I call these dairy-free breakfast cookies because they are wholesome and gently sweet. They’re like a muffin meets an oatmeal cookie experience, but with less sugar for sensitive morning taste buds. We’ve also enjoyed these little treats in the afternoon with tea, and even before a hike. They’re a tasty little pick-me-up that won’t let you down.
Dairy-Free Breakfast Cookies made with Everyday Ingredients
Did I mention these dairy-free breakfast cookies are also naturally gluten-free? Don’t worry, you won’t need any special ingredients – just head to your pantry! But before you get started, I have some ingredients notes, options, and answers to common FAQs.
What’s the Texture of these Dairy-Free Breakfast Cookies?
They’re soft, slightly moist, tender, and have some chew from the oats. Try not to overbake these cookies, as they tend to dry out rather than become crunchy.
Can I Use Quick Oats Instead of Rolled Oats?
Definitely. The quick oats will thicken the dough more, but will also be less chewy once baked. Quick oats are great if you want the texture to be less rustic.
Can I Use Oat Flour Instead of Grinding the Oats?
Yes, if you have pre-ground oat flour on hand, you can definitely use that instead. Use the same amount – 1 1/2 cups oat flour in place of the ground oats.
Do these Dairy-Free Breakfast Cookies Freeze Well?
Yes! You can store them in an airtight plastic bag in the freezer for up to 3 months. I actually recommend freezing these cookies rather than refrigerating them if you need them to keep for longer than a few days. The dough keeps fine in the refrigerator for a few days, but once baked, the cookie texture quickly goes downhill in the refrigerator. From frozen, just let the cookies defrost at room temperature for 15 minutes or so before eating.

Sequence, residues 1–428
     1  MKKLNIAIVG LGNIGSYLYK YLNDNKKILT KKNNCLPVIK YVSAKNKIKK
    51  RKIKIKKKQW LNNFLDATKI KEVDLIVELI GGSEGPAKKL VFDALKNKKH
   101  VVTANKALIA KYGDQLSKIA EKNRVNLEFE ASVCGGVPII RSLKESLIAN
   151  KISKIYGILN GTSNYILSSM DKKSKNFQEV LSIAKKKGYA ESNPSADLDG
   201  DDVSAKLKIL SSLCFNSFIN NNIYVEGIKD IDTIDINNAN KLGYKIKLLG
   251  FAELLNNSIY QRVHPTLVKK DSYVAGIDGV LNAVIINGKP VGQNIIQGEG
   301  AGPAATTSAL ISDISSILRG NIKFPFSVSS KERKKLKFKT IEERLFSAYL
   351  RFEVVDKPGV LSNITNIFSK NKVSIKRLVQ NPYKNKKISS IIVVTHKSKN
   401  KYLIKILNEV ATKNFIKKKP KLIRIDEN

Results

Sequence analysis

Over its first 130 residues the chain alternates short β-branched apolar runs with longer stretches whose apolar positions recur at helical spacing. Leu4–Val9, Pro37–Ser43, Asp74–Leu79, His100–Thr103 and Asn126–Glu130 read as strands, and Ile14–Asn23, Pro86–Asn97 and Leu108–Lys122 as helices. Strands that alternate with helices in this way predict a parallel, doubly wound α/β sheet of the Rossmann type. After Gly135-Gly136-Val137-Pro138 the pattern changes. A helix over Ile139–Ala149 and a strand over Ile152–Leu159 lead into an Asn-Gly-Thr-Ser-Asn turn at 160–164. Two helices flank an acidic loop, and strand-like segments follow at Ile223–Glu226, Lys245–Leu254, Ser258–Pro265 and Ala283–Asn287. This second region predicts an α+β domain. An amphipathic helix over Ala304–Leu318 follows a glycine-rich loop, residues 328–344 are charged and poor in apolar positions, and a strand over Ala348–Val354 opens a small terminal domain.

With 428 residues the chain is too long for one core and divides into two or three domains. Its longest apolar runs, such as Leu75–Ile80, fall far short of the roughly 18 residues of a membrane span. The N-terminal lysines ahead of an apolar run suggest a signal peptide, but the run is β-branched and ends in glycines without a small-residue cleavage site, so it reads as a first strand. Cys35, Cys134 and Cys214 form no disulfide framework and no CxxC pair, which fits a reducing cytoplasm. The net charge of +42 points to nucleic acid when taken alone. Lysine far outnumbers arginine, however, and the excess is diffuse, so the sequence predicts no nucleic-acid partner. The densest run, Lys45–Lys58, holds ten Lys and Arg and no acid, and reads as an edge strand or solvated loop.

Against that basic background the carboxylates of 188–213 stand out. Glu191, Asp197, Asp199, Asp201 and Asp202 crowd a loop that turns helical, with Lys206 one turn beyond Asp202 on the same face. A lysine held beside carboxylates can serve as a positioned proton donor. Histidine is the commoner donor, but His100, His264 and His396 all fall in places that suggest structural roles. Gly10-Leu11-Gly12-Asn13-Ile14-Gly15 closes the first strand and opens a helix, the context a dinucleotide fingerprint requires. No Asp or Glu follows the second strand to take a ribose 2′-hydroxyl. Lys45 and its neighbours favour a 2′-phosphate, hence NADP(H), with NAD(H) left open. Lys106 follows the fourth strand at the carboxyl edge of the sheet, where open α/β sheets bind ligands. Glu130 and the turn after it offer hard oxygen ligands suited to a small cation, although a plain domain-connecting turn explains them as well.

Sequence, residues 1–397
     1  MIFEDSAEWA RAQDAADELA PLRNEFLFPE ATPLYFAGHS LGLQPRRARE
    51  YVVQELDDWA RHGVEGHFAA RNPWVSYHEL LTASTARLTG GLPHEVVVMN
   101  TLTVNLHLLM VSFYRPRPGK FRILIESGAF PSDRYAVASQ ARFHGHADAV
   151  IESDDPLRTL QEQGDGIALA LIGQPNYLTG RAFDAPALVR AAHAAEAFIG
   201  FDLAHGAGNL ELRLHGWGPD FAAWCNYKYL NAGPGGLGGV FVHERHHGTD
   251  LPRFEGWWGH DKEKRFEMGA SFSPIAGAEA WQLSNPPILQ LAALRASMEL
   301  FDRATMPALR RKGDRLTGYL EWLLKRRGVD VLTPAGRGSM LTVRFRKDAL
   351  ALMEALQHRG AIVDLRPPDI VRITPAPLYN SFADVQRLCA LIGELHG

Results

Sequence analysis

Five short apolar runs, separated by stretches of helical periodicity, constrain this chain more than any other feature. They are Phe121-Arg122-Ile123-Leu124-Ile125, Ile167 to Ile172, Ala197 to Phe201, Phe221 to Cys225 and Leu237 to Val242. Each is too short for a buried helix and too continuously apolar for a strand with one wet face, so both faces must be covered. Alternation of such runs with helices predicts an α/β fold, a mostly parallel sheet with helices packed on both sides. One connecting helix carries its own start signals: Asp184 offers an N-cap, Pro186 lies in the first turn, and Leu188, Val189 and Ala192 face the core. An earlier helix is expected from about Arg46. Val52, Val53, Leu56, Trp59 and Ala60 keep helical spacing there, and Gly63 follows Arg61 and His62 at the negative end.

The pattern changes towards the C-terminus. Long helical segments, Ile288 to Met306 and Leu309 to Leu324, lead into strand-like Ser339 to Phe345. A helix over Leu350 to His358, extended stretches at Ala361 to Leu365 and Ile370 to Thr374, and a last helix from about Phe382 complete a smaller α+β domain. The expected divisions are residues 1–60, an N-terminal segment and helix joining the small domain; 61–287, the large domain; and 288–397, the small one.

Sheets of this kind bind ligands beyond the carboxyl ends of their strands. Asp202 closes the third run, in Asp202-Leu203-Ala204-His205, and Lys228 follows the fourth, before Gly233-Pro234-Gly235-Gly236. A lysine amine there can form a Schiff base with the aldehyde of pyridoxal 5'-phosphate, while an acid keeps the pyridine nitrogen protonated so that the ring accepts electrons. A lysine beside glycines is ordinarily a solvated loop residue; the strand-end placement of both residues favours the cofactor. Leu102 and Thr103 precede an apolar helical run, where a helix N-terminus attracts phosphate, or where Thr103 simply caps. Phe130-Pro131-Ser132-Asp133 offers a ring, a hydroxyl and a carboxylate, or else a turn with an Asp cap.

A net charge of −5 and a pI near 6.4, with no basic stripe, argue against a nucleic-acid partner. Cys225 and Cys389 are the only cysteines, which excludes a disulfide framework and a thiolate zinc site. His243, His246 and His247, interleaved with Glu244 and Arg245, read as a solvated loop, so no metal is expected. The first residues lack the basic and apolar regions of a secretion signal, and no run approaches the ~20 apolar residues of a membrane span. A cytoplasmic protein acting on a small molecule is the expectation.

That Looks Like a Tiny Amount of Dough. Is it Enough?
These cookies do puff up and spread as they bake. Though the dough looks like a tiny little lump, it turns into a cookie that’s roughly 2 inches in diameter. Just a little on the smallish side of a normal size cookie. If you use 2 level tablespoons, you’ll get a somewhat large 4-inch cookie – roughly the width of a large muffin top. See the image below, which shows the two cookie sizes on a salad plate.
Special Diet Notes: Breakfast Cookies
By ingredients, this recipe is dairy-fee / non-dairy, gluten-free, peanut-free, soy-free, and vegetarian.
For nut-free, dairy-free breakfast cookies, substitute pumpkin seeds or sunflower seeds for the nuts.
For egg-free and vegan breakfast cookies, see my vegan version of this recipe.
- 3 cups rolled oats, divided (use certified gluten-free, if needed)
- 1 teaspoon ground cinnamon
- ½ teaspoon baking powder
- ¼ teaspoon baking soda
- ¼ teaspoon salt
- ⅔ cup packed brown sugar (can sub coconut sugar)
- 2 eggs (see post above for egg-free)
- ¼ cup oil
- 2 tablespoons maple syrup
- ⅔ cup dried blueberries, dried cranberries, or raisins
- ⅓ cup chopped pecans or walnuts (see post above for nut-free)
- Place 1½ cups of the oats in your blender, food processor, or coffee grinder and process until powdered, about 30 seconds.
- Put the ground oats, whole oats, cinnamon, baking powder, baking soda, and salt in a medium bowl and whisk to combine.
- In a mixing bowl, whisk or beat together the brown sugar, egg, oil, and maple syrup until smooth. Add the oat mixture and stir or beat until combined. Stir in the dried fruit and nuts.
- Cover and refrigerate the dough for about 30 minutes.
- Preheat your oven to 350°F and line a baking sheet with parchment paper.
- Scoop the dough by the level tablespoon for small cookies or two level tablespoons for bigger cookies onto your prepared baking sheet. The dough is chunky, wet, and sticky. Dampen your hands to shape the dough. It will spread like normal cookies.
- Bake the small cookies for about 12 minutes or the bigger cookies for about 15 minutes, or until golden on top and lightly browned on the edge.
- Let the cookies cool for 10 minutes on the baking sheet, or simply slide the parchment paper with the cookies off onto the counter. They will be fragile while warm, but set up as they cool.